Business Essentials for Professionals


Bridging the Digital Divide in Europe

Digital technology has become essential to the functioning of economies and societies. Its development and control are becoming the key element in the competitiveness of companies, countries and economic areas. However, the problem of unequal deployment can limit the functioning of the economy in what has become known as the “digital divide”. This is a problem that the EU is tackling head-on.

The Broadband Europe plan for 2025 has outlined the EU’s unquestionable ambition when it comes to digital; about 20% of the European budget for the period 2021-2027 is being dedicated to the digital sector. The commission understands that the materiality of major digital development depends on territorial deployment.
All digital actors including state and local authorities, IT firms and field management providers, are therefore transforming themselves to meet the operational challenges of sustainable development as the acceleration in digitalisation threatens to increase digital polarisation between firms. This is putting pressure on the global corporate landscape which is being dominated by conglomerates with easy access to the latest digital innovations, leaving the rest behind and having an adverse effect on productivity. These issues are at the forefront on the European Union’s plan to have full digital coverage across Europe by 2030.
Fibre optic in Europe
In the framework of Europe’s Digital Decade targets for 2030, including Gigabit and 5G connections for everyone, 10,000 climate-neutral highly secure edge nodes, 75% of EU companies using Cloud/AI/Big Data, e-health for 100% of citizens and 80% using digital IDs, the FTTH Council Europe has accelerated its efforts to provide fibre-to-the-home/business across the EU39, reaching nearly 182.6 million premises in September 2020 (up 10 million on the year before).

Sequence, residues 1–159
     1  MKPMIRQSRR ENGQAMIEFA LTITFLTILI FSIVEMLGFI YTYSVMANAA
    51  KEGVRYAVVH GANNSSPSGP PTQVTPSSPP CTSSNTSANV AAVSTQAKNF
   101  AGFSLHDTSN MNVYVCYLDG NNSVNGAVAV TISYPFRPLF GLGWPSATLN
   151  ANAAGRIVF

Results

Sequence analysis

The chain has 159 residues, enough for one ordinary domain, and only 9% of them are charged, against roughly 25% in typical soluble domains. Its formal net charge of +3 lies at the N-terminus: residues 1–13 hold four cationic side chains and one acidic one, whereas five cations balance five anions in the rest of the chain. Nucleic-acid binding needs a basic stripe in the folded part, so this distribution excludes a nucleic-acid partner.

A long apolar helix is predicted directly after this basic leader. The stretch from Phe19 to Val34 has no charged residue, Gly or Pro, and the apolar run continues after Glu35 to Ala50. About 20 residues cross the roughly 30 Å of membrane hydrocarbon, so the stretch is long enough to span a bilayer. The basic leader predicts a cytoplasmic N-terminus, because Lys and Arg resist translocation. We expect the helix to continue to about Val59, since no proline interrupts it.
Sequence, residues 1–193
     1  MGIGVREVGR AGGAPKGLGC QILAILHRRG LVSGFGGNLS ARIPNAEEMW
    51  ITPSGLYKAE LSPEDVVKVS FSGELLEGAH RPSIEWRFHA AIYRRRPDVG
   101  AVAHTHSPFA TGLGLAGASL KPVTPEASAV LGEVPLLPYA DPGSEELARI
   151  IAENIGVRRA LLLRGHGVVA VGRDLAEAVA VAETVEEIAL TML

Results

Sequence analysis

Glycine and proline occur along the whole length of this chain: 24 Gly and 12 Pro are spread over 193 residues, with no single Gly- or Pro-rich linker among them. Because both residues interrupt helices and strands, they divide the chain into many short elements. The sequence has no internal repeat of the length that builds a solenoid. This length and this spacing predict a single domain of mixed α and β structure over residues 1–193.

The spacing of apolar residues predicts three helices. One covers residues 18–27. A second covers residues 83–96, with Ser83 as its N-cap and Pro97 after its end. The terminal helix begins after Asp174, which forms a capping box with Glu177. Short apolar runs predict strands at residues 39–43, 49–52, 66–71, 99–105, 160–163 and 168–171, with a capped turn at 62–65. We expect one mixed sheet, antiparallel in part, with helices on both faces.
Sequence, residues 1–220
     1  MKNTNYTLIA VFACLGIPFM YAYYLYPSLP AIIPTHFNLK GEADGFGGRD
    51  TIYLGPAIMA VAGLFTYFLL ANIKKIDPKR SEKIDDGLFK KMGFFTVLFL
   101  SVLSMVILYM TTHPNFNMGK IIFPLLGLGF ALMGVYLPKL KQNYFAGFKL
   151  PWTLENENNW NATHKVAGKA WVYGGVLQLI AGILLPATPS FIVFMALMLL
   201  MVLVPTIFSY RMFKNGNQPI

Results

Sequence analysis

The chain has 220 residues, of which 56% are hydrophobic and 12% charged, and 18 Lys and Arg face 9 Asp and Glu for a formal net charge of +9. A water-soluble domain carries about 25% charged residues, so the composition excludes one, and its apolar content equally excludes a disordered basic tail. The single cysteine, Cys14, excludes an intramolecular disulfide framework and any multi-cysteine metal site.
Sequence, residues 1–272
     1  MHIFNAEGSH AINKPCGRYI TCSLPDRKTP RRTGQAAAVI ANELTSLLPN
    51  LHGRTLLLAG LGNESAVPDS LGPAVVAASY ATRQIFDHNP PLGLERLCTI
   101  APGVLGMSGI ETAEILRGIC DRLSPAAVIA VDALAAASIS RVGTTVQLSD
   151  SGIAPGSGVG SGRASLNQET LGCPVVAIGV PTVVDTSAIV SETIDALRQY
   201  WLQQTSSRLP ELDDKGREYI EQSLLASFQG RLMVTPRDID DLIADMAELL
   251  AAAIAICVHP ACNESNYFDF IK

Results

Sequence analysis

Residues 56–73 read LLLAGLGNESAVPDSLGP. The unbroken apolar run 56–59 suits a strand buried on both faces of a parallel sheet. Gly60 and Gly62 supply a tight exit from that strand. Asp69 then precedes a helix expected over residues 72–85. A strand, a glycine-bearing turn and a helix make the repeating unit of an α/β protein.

According to their Market Panorama for 2021, by September 2020, the EU39 area reached a 52.5% coverage of FTTH/B networks while the EU27+UK 3 sits at 43.8%, compared to respectively 49.9% and 39.4% in 2019. This shows a clear upward trend from the September 2015 figures when the coverage was at 39.8% in EU39 and 27.2% in EU27+UK.
The countries most active in fibre deployment are France, (+4,6 M), Italy (+2,8 M), Germany (+2,7 M) and the UK (+1,7 M). France, for example, outlined in a recent progress report on the rollout of super fast broadband that territorial disparities within the métropole have been driving its efforts to develop fibre infrastructure, noting however that “not all territories have the same propensity to transform this technological potential into a competitive advantage,” highlighting “the need to accompany the arrival of networks by supporting demand (encouraging their adoption by households) or taking measures to support the development of usage practices (training and support for SMEs in particular).”
In spite of the widely reported efforts to expand fibre coverage (and digital access more generally) across Europe, there remains a real digital divide both territorially (only 20.2% of households are subscribed to FTTH/B in the EU27+UK), and between firms in different sectors. According to a recent study by the European Investment Bank, “there is growing concern that EU firms in non-digital sectors lag behind in the adoption of digital technologies, especially in the services sector.”
The disparities in fibre optic coverage entail inequalities at both intra- and international levels. While some countries are close to full FTTH/B coverage, such as Portugal (83%), Spain (88%) and Iceland (90%), others, such as the UK, are lagging behind with coverage at around 15%, with nearly 24 million homes still to be passed with fibre. Germany is in the same boat, with coverage at around 16%.
A new economic landscape